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Features
05 Jun 2017
by Simon Blanford
The clever fish?
Biologist and carp fanatic, Simon Blanford poses the question: are carp clever? Find out his thoughts...

All fishing used to be about food. At least all documented fishing used to be about food. That’s not to say that Eric the Slightly Deranged didn’t occasionally take his hazel-stick rod and horsehair line out (in between taking care of his farm, fighting off marauding Vikings/wolves/Welsh) purely for the pleasure of doing so. But recreational fishing as a pastime, as an approved way of interacting with the country and its watery wildlife, didn’t really get going until the 16th century. Subsequently, famous authors like Walton, Bickerdyke, Sheringham and many modern others reinforced the view that fishing is good and that any sensible folk should take it up for their physical and mental well being.

Across the centuries of this angling activity a huge amount of information has had time to accumulate and all that knowledge has allowed us to improve our kit. As big-brained apes we are good at the technology stuff: greenheart to cane to solid glass to fibreglass to carbon: horsehair to gut to nylon to monofilament. And that’s just the start. Look at all the gizmos Korda and Fox have in their respective catalogues, the myriad items from little plastic beads to shelters you can live in. One might reasonably ask why there is so much tackle, so many different ways of putting what effectively comes down to a hook on the end of a line to catch a fish. One obvious, and perhaps slightly ungenerous answer, has to do with marketing and profits. Fishermen, whatever their chosen quarry and whatever their favourite technique to catch that quarry, are inveterate magpies, quite happy to pass over hard-earned readies for ‘shiny-shiny’ new tackle. No profit-orientated company is going to miss out on the possibilities afforded here, a kind of avarice on both sides of the shop counter.

Izaak Walton thought the carp the “most subtle of fishes”

The more generous explanation is that we are in a continual arms race with carp: the wisest, the most cautious, most intelligent of fish. As we adapt our tactics so do they. We originally received this view of carp as the clever fish from those early writers. According to them, and as we saw in last month’s article, carp were likened to freshwater foxes, their brains were larger than any other fish, and anglers who tried to catch them developed a “strange look in their eyes.”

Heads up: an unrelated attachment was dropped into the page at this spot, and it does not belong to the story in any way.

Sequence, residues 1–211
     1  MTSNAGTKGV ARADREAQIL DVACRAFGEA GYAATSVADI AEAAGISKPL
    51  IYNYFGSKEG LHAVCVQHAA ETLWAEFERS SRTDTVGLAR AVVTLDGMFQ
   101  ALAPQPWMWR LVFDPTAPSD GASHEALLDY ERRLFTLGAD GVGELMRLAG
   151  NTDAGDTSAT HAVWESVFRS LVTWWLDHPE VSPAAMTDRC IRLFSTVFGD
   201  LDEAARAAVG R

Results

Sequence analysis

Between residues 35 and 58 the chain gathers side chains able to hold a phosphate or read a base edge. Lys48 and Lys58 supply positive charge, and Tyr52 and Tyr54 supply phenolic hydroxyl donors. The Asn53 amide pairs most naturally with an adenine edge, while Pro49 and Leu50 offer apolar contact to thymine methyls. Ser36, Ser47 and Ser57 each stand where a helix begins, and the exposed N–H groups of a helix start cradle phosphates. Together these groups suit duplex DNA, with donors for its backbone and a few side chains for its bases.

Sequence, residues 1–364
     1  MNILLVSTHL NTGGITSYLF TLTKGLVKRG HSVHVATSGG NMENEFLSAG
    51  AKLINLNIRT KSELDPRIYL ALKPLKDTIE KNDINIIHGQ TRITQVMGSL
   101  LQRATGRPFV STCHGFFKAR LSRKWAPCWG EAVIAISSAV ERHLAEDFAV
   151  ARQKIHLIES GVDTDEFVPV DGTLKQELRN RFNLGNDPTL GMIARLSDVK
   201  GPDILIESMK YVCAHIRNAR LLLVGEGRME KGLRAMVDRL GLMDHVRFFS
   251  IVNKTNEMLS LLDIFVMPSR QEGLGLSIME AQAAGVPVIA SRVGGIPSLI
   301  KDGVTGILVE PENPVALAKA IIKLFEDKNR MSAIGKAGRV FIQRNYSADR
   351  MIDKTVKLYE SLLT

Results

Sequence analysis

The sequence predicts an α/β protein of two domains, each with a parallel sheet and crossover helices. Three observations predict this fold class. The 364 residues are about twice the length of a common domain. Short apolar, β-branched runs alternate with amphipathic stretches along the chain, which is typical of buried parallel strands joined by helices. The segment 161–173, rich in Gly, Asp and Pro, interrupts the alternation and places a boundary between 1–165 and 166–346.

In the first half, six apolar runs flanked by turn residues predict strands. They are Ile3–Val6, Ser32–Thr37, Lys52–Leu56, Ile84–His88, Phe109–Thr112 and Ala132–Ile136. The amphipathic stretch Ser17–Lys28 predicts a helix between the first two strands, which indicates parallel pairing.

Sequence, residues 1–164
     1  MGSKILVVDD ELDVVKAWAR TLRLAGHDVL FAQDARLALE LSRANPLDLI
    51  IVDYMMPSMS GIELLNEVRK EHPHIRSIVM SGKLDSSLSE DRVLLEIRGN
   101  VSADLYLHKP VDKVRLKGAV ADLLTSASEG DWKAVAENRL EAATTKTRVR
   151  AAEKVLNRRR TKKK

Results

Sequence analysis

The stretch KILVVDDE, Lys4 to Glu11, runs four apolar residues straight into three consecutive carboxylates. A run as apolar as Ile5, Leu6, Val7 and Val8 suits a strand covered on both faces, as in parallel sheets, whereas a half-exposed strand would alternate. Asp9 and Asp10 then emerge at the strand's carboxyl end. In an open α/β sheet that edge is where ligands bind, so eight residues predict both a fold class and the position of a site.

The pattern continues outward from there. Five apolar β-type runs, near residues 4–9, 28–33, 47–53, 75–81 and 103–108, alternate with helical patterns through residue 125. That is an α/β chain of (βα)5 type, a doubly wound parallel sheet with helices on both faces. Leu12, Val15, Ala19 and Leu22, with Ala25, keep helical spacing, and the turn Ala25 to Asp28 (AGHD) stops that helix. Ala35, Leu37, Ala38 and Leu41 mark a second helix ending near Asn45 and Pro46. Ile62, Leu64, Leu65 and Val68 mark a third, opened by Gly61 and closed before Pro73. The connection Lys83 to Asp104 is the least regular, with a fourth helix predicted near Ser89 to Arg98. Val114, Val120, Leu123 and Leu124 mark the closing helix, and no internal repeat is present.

Then along came Richard Walker riding the post-war technology boom who, along with equally able but less celebrated anglers, wondered what all the fuss was about and claimed, sacrilege of sacrileges, that carp really aren’t that bright. Walker was using (in fact creating much of it himself) more advanced fishing technology than his predecessors. His view may also have been coloured by the fact that he was deploying this arsenal against carp that had, by modern standards, seen very little angling pressure. Either way, the former acceptance of carp as the professorial fish they were once considered to be was challenged. Carp aren’t clever, they aren’t intelligent, they don’t have the fishy equivalent of PhDs, they haven’t written learned theses on “Post-Industrial Fishing Techniques of Western Europe”. They do everything by simple instinct. They are, not to put too fine a point on it, not much more advanced than the classic trope of the aquarium goldfish and its three-second memory. As an example we have last month’s thoughts from the veteran angler and columnist here on CARPology, Ian Chillcott, who stated, “I have no wish to keep on talking about how intelligent carp are, I think that any reader of this column would know, I credit them with none whatsoever.” So there.

Andy Bell with an immaculate common. But, if they’re that clever how do we manage to catch them?

Trouble is anglers, like many others, aren’t very good about judging this sort of thing. We lack any formal training on how to interpret fish behaviour in an unbiased manner. So it’s worth noting that while modern carp anglers have been downgrading the intelligence of carp, those who spend time studying fish behaviour and their cognitive ability have been trending the other way. Here’s an introduction to a recent book all about the topic. “[G]one (or at least obsolete) is the image of fish as drudging and dim-witted pea brains, driven largely but “instinct” with what little behavioural flexibility they possess being severely hampered by an infamous “three-second memory.” The passage concludes by saying, “Although it may seem extraordinary to those comfortably used to pre-judging animal intelligence on the basis of brain volume, in some cognitive domains, fishes can even be favourably compared to non-human primates.”

That last sentence is telling. On CARPology’s website a regularly recycled question is “Are carp clever?” The most erudite response comes not from the carp experts but from a Facebook commenter who simply asked, “compared to what?” Compared to what indeed. It’s a reasonable and actually quite fundamental question. Compared to a worm, deep down in the dark? A bird, quick and light among the branches of a tree? Or compared to us with our abundance of cerebral matter but tenuous grasp of the lives of other animals? Its bad enough trying to understand other people let alone a completely different animal whose life is spent in an alien environment. We are told to “think like a carp” to better find and fool them into taking our bait. But in reality we can’t. Wittgenstein (one of those clever philosopher types) once said, “if a lion could talk, we could not understand him.” The lives of lions are so different to ours, the way they monitor and experience their environment so at odds with our own that should a lion turn round and speak to you in English, you still might not understand a word they were saying. And a lion is a terrestrial mammal, not an aquatic teleost.